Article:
First, there are a lot of different stink bugs out there and not all of them will damage your crops. In fact, some of them are beneficial predators in the garden. This article highlights one of those stink bugs: the Brown Marmorated Stink Bug (Halymorpha halys). This guy is an invasive pest that causes damage to a wide range of crops. Luckily, it is pretty easy to identify and squish. If you want to see a free online field guide to the main Stink Bugs (good and bad), then check out this incredible resource from Virginia.
How to Identify a Brown Marmorated Stink Bug
This picture surmises the key points. The smooth soldiers of the Brown Marmorated Stink Bug separate it from the Spined Soldier Bug (one of the good stink bugs). A unique identifier is the white bands on the antennae and on the legs (at the nymph stage and sometimes carried through to young adult). Following the striped them are the black and white patterns on the edges of the abdomen. It is well worth spending sometime to correctly identify these guys. Identification is the first step to control them; catch one in a jar and compare it to photos. Pretty soon you’ll recognize them on sight, but it’ll take some practice.
Control Stink Bugs Early
This is a relatively new pest problem in the USA (introduced from Asia to Pennsylvania in the 1990s; first sighting in NC (2009)). Research into biological controls is hopeful because in Asia they are not a major pest problem. The native Asian parasitoid Trissolcus japonicus is currently being researched as a possible control mechanism in the USA.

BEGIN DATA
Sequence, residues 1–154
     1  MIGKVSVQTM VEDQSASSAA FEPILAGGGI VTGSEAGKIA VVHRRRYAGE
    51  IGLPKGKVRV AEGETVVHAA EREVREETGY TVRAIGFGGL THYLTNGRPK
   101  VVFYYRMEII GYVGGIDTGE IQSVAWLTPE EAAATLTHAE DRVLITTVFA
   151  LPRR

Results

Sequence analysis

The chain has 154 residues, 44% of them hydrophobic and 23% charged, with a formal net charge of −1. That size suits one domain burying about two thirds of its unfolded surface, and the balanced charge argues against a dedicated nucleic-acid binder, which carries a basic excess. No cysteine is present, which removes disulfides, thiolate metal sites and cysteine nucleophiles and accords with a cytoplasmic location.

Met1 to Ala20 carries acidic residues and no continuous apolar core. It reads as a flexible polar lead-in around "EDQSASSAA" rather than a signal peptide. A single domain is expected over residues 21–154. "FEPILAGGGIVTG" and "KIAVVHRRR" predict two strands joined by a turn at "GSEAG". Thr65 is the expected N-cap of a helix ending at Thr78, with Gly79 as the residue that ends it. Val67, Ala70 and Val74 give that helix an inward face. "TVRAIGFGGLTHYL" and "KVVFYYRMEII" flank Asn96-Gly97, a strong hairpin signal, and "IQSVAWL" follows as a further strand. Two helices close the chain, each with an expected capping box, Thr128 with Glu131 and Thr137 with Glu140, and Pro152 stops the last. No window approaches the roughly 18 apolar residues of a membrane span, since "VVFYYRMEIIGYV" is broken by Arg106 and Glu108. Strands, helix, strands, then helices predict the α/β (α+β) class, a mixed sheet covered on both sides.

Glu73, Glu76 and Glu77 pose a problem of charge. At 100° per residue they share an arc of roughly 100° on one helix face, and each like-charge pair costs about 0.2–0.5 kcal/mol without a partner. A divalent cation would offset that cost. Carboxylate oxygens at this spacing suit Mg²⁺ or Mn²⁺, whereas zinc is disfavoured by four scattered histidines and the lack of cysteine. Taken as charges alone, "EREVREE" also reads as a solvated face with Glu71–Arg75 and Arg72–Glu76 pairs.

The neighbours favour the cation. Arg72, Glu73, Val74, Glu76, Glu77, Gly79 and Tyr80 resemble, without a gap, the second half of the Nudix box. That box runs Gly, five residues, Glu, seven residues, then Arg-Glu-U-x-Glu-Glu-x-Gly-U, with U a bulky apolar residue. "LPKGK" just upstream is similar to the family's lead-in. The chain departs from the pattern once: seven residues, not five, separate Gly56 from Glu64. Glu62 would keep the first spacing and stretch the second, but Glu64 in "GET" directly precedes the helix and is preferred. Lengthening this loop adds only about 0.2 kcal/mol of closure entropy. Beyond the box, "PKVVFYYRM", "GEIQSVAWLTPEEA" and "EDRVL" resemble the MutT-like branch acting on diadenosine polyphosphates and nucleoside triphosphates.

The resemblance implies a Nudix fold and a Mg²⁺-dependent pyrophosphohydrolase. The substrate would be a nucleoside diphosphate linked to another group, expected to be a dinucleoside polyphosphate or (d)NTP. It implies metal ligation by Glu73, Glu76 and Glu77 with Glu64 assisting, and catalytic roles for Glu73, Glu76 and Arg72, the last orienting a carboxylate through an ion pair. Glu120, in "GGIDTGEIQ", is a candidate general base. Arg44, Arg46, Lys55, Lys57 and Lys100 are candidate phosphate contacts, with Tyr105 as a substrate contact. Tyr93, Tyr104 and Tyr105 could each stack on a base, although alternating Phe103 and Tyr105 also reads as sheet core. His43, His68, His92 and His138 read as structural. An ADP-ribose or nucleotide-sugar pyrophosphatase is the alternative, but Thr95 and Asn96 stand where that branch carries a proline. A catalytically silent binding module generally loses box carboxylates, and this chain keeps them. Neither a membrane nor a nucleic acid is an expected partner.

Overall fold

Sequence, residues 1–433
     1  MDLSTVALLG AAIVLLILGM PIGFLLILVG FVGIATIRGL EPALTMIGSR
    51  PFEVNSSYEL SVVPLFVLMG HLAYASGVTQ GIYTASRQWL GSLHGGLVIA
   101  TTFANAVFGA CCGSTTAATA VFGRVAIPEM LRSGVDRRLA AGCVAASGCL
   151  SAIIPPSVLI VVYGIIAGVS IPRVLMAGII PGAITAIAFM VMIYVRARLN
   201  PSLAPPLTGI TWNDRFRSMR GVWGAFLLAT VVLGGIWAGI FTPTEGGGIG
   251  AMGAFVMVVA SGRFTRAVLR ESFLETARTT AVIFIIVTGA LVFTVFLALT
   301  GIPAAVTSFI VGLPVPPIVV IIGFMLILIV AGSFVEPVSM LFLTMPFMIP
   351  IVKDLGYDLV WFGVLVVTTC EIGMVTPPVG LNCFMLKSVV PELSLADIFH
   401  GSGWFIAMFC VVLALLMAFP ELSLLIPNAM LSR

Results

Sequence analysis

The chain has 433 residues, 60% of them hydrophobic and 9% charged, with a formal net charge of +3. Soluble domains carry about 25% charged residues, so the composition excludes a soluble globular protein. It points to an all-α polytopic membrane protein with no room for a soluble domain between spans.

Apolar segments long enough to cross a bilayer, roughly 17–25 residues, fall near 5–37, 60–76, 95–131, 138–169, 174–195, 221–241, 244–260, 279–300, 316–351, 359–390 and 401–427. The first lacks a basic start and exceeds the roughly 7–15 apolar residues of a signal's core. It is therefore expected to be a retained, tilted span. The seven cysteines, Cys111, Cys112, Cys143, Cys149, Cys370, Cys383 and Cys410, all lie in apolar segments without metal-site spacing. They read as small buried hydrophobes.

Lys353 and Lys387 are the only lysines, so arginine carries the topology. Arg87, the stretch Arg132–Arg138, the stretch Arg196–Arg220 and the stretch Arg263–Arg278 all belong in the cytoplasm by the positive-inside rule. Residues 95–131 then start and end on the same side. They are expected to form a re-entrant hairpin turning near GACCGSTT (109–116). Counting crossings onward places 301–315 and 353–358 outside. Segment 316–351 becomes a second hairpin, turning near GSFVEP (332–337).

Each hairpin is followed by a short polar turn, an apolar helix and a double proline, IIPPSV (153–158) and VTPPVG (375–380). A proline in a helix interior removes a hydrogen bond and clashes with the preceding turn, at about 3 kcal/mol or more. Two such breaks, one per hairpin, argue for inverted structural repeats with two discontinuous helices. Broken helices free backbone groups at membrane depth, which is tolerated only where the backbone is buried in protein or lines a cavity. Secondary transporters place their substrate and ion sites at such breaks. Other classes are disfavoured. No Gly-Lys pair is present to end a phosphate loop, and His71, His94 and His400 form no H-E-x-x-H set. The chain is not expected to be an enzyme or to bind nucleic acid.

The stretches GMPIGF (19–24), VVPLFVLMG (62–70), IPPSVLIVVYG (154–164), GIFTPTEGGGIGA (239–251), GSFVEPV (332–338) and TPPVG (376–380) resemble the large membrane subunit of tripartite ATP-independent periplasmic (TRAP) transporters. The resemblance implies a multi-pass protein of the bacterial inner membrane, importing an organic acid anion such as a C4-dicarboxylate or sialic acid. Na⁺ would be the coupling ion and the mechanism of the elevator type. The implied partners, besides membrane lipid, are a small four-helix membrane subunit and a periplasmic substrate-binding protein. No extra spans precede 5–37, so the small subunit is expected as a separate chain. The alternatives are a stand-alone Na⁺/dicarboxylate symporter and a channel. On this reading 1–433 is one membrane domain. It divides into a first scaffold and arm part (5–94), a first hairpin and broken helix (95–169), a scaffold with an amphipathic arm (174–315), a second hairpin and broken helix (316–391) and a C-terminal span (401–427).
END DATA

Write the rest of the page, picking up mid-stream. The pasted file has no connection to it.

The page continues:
Squishing eggs, nymphs and adults is effective in the home garden, or brushing them into a bucket of soapy water. These guys like to overwinter inside homes, where they can be easily caught and killed and even vacuumed up!
Learn to identify the early stages of the Brown Marmorated Stink Bug:
Brown Marmorated Stink Bug Damage
A major concerns with the Brown Marmorated Stink Bug is it’s diverse culinary palette; with reported damage on a wide range of fruit and vegetable crops.
“Like all stink bugs, they have piercing, sucking mouth parts, and in addition to removing plant cell contents while feeding, they secrete enzymes that kill tissue. Damage has been most commonly observed on tomatoes, peppers, okra, apples, peaches, and corn, and is expressed as misshaped, discolored fruit. On some crops, such as peaches and corn, damage may not be apparent on the exterior of the fruit, and is only observed when the fruit is cut open. There is also evidence that Brown Marmorated Stink Bug can transmit microorganisms that cause some fruits, such as pepper and tomato, to rot.
Source: NC State Extension
For the most current information on BMSB research in North Carolina, visit the BMSB in NC web page.